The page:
Zimmerman’s offensive performance, which included his first RBI in 11 games, snapped a 5-for-48 slump and gave Zimmerman his first multiple-hit game since June 8. The cortisone shot eliminated the pain caused by inflammation in Zimmerman’s AC joint and allowed the Nationals’ cornerstone player to feel like himself again.
“Relief,” Zimmerman said. “It was so bad before that I couldn’t do anything. Obviously, I wasn’t performing. To be able to go out there today and feel a little bit like I could do the things I feel like I’ve always been able to do, it gave me a little bit more confidence. It obviously makes you happier.”
Zimmerman received the cortisone shot at roughly 12:30 p.m., about an hour before first pitch. Before this afternoon, Zimmerman’s shoulder ailment had sapped him of strength and bat speed. He said he missed fastballs he never would have missed when healthy. He entered the day hitting .218/.285/.305 for the season, playing hurt in the wake of signing a six-year, $100 million contract extension in spring training.
In his second at-bat today, Zimmerman came to the plate with a runner on third and two outs. He stung a 95-mph fastball from Jake Arrieta into left field, the most authority he has shown when pulling the ball in weeks. In the eighth, Zimmerman ripped a ground-ball single up the middle.
“He looked like the old Zim,” Manager Davey Johnson said. “He swung the bat with authority. That’s a great sign. … He seemed a lot free. He’ll be real sore tomorrow. In my era, we grew up on those shots.”
“We just did kind of a test run today to see if it would help,” Zimmerman said. “It worked fine. Now that we know it helps a little bit, I’ll still try to do my rehab and stuff like that and try and shy away from it. As we go do down further into the season and into the second half, we kind of know that we have that in have our back pocket.”
When a player receives cortisone, it numbs pain as the affected body part continues to deteriorate and can lead to long-term damage. For Zimmerman, because of the nature of the AC joint, he believes the sacrifice is worthwhile. At worst, he said, playing through the injury, as the bones in his shoulder rubbed together, would cause bone chips to build up.
“It’s not a ligament or a tendon or anything like that,” Zimmerman said. “That was the main question for everyone involved making the decision. It’s right in the AC joint, which is just bone. If it was a ligament or a tendon or something like that, then numbing it is not smart, because then you could do more damage. The doctors assured us I can’t do more damage. It’s just a matter of getting the pain out of there so that I can play.”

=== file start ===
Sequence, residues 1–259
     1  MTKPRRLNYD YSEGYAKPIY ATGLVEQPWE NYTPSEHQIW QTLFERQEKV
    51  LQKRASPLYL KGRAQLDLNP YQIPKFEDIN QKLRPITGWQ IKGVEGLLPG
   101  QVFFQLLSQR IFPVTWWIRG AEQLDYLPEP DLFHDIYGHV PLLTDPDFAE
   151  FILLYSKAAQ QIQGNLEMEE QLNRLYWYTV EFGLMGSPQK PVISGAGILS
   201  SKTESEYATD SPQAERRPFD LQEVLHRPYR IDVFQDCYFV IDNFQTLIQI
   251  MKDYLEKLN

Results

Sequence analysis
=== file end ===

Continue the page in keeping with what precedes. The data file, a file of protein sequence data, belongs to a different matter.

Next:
Zimmerman’s plan to receive cortisone shots when necessary could lead to offseason surgery, though. If the inflammation continues to plague him, Zimmerman will rest for a month after the season before determining if he needs the surgery. If he does undergo surgery in the winter, Zimmerman said it would be a relatively benign procedure that would shut him down for four to six weeks.
“If it continues to do this every few weeks, at the end of the year they can go in there and take the little chips out,” Zimmerman said. “That’s about as minor surgery as you can get.”
Zimmerman received two cortisone shots in mid-April, when the inflammation first flared and he missed 13 games on the disabled list. At the time, Zimmerman and the Nationals hoped the shots in tandem with two weeks of rest would scuttle the injury.
“It got rid of it for a little while and then in kind of crept back in,” Zimmerman said. “It’s to the point where, there’s no point in [resting for] the 10 or 15 days, because we know what the outcome is. We’ll just give it a shot, and hopefully it make it feel better for a few weeks at a time. If it’s back to where it was, I’ll get another one.”
Zimmerman said he will receive the shots, “the amount of times you can.” He will not need another until at least after the all-star break, he said.
“For the second half, it just depends how it reacts to this, how long it kind of feels good,” Zimmerman said. “If it starts to hurt again, we’ll consider doing something else. [Getting a shot] again, it’s not something you want to get into a habit of doing. But it’s better than missing time.”